Old Carolina has introduced new barbecue meats through limited-time offerings. Last year, Old Carolina did an eight-week promotion with smoked shanks, which it marketed as pig wings. This summer it will offer smoked chicken wings.

“We want to offer some variety,” says Bailey, noting the chain may implement a short-term promotion featuring barbecued mutton. Bailey is also considering testing smoked sausage on the menu.

Dickey’s is also testing less-expensive meat cuts in its research and development lab, says Forrester, who points out that the brisket was considered a “lesser meat” for years.

Preserving the passion

Even though he’s no longer involved with Famous Dave’s daily operations, Anderson believes the passion he instilled in the business still thrives.

“I think anyone visiting a Famous Dave’s will tell right away there’s definitely passion shared by all our staff,” he says.

Passion is a topic that Famous Dave’s management talks about frequently. When new employees are hired, they are shown a video about Anderson that details, among other things, the painstaking time he took in developing the restaurant’s menu and mission.

“We hire for passion, and we train with passion,” Anderson says.

Famous Dave’s operates corporate-owned and franchise-owned restaurants, the latter run by area developers, who own other chains, such as McDonald’s and Applebee’s.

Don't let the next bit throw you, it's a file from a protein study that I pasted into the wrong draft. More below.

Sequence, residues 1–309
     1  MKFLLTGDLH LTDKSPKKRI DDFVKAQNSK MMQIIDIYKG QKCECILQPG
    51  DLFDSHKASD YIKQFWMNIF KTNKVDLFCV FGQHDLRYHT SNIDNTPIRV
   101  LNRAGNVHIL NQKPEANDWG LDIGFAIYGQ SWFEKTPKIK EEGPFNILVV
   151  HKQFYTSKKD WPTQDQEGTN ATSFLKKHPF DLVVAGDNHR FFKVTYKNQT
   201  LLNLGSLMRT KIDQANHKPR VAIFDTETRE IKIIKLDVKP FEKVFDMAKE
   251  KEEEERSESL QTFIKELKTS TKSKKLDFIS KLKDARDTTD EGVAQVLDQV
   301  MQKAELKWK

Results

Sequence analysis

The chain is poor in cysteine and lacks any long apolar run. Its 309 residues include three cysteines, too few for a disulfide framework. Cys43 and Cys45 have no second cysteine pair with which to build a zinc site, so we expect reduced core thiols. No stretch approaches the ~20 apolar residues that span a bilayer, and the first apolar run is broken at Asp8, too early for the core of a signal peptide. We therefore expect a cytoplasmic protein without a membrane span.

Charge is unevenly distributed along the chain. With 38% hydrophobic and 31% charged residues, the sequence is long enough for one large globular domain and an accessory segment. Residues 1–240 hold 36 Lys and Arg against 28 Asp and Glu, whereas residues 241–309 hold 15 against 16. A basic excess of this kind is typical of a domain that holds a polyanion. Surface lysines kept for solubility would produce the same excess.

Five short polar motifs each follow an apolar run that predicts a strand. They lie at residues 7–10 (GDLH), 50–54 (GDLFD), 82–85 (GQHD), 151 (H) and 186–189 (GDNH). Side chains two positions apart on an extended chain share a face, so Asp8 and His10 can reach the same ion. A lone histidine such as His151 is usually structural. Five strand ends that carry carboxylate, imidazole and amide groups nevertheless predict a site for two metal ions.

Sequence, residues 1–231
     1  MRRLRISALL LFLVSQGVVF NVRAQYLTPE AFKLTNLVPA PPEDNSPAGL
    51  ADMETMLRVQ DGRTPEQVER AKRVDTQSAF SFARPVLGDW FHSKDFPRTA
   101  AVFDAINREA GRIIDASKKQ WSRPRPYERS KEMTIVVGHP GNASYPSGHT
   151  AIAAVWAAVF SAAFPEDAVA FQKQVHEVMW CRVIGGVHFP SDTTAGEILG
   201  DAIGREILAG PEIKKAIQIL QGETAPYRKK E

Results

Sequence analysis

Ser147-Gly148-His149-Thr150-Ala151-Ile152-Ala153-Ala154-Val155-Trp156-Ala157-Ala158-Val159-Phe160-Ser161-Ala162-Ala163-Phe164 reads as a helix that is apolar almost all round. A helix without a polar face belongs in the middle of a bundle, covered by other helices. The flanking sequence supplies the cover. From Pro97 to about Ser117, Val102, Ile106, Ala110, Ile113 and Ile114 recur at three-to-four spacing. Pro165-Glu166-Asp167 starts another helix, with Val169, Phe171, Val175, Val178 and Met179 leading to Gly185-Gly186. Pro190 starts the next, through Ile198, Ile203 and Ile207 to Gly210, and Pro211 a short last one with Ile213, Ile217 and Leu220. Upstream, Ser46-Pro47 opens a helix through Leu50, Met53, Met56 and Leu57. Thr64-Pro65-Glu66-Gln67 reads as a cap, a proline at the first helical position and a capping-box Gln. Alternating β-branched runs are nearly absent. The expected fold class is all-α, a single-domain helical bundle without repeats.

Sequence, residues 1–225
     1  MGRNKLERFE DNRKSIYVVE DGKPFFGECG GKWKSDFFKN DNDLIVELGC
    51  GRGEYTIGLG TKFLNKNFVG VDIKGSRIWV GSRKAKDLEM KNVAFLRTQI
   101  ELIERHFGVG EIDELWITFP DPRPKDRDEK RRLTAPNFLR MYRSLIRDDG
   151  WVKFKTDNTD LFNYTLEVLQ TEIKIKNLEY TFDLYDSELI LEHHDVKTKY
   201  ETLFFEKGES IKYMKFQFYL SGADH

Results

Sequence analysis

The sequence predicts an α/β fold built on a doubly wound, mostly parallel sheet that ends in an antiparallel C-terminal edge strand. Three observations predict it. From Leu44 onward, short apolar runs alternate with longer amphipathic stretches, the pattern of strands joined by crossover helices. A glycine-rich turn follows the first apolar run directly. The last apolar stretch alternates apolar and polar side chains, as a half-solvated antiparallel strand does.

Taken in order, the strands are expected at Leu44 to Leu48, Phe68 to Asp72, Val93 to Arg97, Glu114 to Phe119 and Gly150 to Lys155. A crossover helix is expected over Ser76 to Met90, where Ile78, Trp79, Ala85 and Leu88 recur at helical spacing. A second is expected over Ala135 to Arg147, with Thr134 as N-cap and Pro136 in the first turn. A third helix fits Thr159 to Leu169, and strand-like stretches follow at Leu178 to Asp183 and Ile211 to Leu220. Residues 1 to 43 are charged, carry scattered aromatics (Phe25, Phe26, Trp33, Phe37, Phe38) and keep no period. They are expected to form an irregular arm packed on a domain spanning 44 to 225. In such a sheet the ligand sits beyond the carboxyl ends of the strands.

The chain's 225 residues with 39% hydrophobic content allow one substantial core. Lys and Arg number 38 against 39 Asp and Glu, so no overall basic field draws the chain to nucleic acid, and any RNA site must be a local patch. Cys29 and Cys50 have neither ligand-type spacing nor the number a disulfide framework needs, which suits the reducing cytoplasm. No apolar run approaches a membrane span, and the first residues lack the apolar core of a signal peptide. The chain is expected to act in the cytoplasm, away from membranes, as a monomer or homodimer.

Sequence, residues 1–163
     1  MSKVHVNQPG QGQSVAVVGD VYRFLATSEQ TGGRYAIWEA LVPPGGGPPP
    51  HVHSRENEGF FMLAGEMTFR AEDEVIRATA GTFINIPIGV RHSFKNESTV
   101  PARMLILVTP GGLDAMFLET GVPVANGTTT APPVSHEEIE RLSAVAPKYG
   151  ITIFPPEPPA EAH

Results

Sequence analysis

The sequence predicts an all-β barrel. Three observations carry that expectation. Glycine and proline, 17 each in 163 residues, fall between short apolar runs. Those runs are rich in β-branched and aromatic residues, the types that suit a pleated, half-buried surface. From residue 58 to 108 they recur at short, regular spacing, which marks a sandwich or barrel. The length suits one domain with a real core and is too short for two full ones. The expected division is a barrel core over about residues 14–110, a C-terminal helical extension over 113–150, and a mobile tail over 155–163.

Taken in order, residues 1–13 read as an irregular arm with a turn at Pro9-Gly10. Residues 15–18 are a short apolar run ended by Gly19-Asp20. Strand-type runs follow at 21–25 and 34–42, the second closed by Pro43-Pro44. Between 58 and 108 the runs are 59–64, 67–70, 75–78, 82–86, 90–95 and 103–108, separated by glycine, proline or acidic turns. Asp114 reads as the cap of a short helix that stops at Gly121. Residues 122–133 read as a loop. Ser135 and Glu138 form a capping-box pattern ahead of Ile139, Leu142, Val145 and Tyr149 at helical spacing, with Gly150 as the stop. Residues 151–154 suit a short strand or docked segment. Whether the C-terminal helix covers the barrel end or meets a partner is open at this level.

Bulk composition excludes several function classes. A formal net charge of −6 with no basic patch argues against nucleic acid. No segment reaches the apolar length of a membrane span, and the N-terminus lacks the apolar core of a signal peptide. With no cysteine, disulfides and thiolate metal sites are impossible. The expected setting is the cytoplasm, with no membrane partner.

“These area developers have a proven track record of success,” Anderson says.

Being a successful chain is about more than just the barbecue, says Bailey, who wants his employees to “feel” a connection to the food they serve.

Brian Bailey, co-founder of Old Carolina Barbecue Co., quit a career as a software salesman to bring "real barbecue" to Northeast Ohio.

“It has to be about the feeling, the story and the emotional connection that people can have to the Carolinas,” Bailey adds.

Bailey prefers to sell franchisees to “foodies who believe in this style of barbecue.” Franchisees have strict guidelines to follow and must stay on point, which means “steak night” is out of the question.

“That’s not what we’re about,” says Bailey, noting he’s not afraid to turn down franchisees.

Bailey is too busy to visit the corporate restaurants as much as he’d like, but he’s not far away. Every two years he takes the restaurant managers to the Carolinas to tour the barbecue places he once frequented to learn the craft.

Dickey’s seeks franchisees who want to be part of the chain’s culture – or “barbecue evangelism,” as Forrester puts it.

“Not everybody does qualify and can be part of this culture,” Forrester says. “That’s not because we’re elitist. You have to really understand how passionate we are and buy into this lifestyle.”

Franchisees come to Dallas, where they are trained for three weeks.

“They learn how to produce quality product, and they learn what it means to be a part of our brand,” Forrester says. “They also learn what it means to make barbecue go boom, which is about being the biggest and best at something. To be the biggest means nothing if you’re not the best.”

Then again, the real barbecue experts settle for nothing but the best.